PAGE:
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Taking responsibility for the community – Kenny Ng
Taking responsibility for the community – Kenny Ng
Kenny Ng
Kenny Ng
Project Team Leader of Jockey Club Sunshine Project

What you study in university does not necessarily translate into a future career, nor should a university degree define where you take your life. Kenny, whose eyes show strong determination, resolved to be a social worker during his upper secondary school years, and to serve his home, Hong Kong. However, he studied mechanical engineering at university, and then became a physics teacher at a secondary school. In his heart, however, he never let go of his dream of serving the community.

To realise his aspirations, Kenny scaled back his teaching commitment and spent the next three years completing a master’s degree in social work. He then resigned from his teaching post and became a registered social worker. Currently, he is the project director of the organisational and social work division at the HKSKH Lady MacLehose Centre. Now 31, Kenny is fully committed to helping people at the grassroots level, and his contributions were recognised in 2016 when he received an industry award for being a “Junior Outstanding Social Worker”.

“I believe I will be a social worker here for life,” he said with a smile.

Kenny, whose eyes show strong determination, resolved to be a social worker during his upper secondary school years, and to serve his home, Hong Kong.
Now 31, Kenny is fully committed to helping people at the grassroots level. His contributions were recognised in 2016 when he received an industry award for being a “Junior Outstanding Social Worker”.
Speaking up for society’s disadvantaged members

At university, Kenny was in a residence hall society. At that time, there were insufficient places in the residence halls. After investigating, Kenny learnt that the school allocated places by “drawing a straight-line on the map from the university to the student’s home” and measuring that distance. Hoping for fairer allocation, he then suggested to include actual travel time in the allocation criteria and the proposal was accepted. This system remains in use today and continues to provide fair residence opportunities for students in need.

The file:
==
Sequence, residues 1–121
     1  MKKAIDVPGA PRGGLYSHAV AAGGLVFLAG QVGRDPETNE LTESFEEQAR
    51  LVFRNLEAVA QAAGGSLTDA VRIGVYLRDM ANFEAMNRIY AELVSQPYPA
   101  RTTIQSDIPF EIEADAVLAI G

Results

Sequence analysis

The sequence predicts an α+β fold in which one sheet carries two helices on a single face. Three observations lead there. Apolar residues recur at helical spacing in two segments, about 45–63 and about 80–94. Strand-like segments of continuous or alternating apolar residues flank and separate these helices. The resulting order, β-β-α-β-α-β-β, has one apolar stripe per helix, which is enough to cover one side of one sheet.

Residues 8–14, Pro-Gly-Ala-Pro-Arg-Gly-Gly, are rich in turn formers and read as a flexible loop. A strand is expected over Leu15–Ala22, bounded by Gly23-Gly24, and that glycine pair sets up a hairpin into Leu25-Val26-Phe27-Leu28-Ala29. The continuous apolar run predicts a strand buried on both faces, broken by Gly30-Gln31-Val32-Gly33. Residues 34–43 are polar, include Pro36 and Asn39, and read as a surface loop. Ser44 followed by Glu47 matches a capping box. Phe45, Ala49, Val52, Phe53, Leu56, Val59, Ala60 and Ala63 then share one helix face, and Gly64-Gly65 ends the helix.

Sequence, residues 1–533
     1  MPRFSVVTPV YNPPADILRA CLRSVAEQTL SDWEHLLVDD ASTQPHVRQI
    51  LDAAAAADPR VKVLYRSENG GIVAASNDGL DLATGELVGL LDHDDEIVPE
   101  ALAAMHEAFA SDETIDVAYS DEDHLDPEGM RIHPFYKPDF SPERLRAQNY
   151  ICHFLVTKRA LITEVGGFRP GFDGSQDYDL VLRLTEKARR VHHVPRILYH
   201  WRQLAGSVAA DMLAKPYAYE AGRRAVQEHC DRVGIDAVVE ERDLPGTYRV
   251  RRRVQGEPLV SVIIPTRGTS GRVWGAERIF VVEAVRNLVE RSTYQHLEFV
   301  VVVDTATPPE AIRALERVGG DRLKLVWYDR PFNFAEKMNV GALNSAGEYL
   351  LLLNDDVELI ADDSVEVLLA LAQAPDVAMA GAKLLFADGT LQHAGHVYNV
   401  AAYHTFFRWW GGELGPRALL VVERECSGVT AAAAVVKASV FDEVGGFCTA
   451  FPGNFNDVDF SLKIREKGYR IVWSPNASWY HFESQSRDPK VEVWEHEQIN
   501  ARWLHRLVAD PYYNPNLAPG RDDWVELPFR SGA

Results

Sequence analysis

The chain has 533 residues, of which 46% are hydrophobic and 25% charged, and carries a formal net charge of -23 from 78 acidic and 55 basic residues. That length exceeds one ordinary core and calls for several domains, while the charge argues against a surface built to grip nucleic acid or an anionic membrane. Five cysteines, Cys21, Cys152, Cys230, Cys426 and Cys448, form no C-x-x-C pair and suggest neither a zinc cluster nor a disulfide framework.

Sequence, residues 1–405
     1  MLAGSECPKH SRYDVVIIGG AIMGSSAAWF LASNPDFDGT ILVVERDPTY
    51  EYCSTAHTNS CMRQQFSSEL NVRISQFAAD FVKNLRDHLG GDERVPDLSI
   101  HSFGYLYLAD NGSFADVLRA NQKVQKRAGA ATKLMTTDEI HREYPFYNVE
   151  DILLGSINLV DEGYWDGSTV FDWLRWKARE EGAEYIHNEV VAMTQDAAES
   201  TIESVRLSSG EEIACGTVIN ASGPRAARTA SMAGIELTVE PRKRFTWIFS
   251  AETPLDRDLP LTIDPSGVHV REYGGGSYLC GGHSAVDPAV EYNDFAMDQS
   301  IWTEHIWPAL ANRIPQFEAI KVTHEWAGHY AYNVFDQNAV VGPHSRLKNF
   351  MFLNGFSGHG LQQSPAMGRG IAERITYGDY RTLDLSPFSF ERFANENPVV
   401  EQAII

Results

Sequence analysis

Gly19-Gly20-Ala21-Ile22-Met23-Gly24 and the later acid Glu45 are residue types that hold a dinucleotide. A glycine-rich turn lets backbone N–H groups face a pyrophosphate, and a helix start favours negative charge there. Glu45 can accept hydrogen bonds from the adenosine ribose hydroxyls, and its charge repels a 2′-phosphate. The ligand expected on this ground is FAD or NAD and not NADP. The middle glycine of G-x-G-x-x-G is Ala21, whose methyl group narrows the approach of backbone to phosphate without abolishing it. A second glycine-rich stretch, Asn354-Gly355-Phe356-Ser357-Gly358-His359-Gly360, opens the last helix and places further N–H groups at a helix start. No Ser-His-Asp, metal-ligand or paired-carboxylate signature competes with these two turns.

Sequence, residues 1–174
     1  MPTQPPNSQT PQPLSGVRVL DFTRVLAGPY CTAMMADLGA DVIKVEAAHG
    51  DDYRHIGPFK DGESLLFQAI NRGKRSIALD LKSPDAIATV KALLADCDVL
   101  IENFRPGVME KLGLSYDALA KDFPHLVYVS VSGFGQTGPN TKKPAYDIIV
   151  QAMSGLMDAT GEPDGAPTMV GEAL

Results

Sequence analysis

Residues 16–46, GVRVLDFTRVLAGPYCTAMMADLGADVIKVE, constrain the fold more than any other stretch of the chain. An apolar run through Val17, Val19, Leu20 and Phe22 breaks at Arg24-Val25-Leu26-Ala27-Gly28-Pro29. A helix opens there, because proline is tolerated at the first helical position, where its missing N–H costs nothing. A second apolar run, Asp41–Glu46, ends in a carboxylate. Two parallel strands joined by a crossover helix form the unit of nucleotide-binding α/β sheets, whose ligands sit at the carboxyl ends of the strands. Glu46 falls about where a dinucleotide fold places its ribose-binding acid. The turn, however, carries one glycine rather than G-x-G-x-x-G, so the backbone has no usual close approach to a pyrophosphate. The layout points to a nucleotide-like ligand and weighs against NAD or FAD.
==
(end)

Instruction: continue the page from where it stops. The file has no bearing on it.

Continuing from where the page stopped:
Kenny grew up in Tin Shui Wai. In 2015, the Tin Yiu Market was closed down, causing much inconvenience to residents. “The old and less agile had to travel 40 minutes just to buy food from the Tin Shing Market. Not only did this require more effort, but the prices were usually higher.” With the help of Kenny and community organisations, the government finally assigned a vacant lot in the district for setting up a temporary market to address the immediate needs of local residents.

Kenny and his team of colleagues have launched a “know the community campaign”, training up residents of sub-divided flats to provide community tours to people from different walks of life.
Kenny is responsible for servicing the communities and families in old tenement buildings in Kwai Tsing district.
Firm and steadfast – supporting sub-divided flat residents

After joining the HKSKH Lady MacLehose Centre and becoming the director of its organisational and social work division, Kenny became involved in servicing the communities and families in old tenement buildings in Kwai Tsing district, helping local residents improve the living conditions of sub-divided apartments; offering livelihood support, and teaching them about their rights. Kenny believes that we all have a role to play: “Not everyone has to lead – an organisation should thrive by getting its nutrients through different arteries.” Looking ahead, Kenny will continue to work on community education, teaching, and encouraging residents to speak up for their communities, resolve social issues, and improve their quality of life.

The Hong Kong Jockey Club Charities Trust has been providing the HKSKH Lady MacLehose Centre with funding to carry out the Jockey Club Sunshine Project – Community Support Service for Sub-divided Flat Residents in Kwai Tsing. Kenny and his team of colleagues have launched a “know the community campaign”, training up residents of sub-divided flats to provide community tours to people from different walks of life. Kenny said, “I hope this will bring ‘sunshine’ into the lives of sub-divided flat residents, and help them develop skills to improve their livelihood in the long run.” This way, these residents can become “givers” instead of mere “receivers” of assistance. During off-work hours, Kenny also participates in voluntary work organised by non-profit organisations, mainly serving disadvantaged communities in outlying regions by teaching them about their rights in hopes of promoting fairness and social harmony.

Kenny will continue to work on community education, teaching, and encouraging residents to speak up for their communities, resolve social issues, and improve their quality of life.

“A community belongs to each of its members. If everyone is willing to take one step, and take our rights into our hands, we can forge a better community.” We can all take a page from Kenny’s book by truly caring and giving back to our own communities. In that way, we will be able to create a better community and a better life for future generations.

Jockey Club Sunshine Project – Community Support Service for Sub-divided Flat Residents
Address: Sunshine Neighbourhood Centre
29A, G/F, Bank Building, 23-51 Tai Loong Street, Kwai Chung
Phone: 2616 0766

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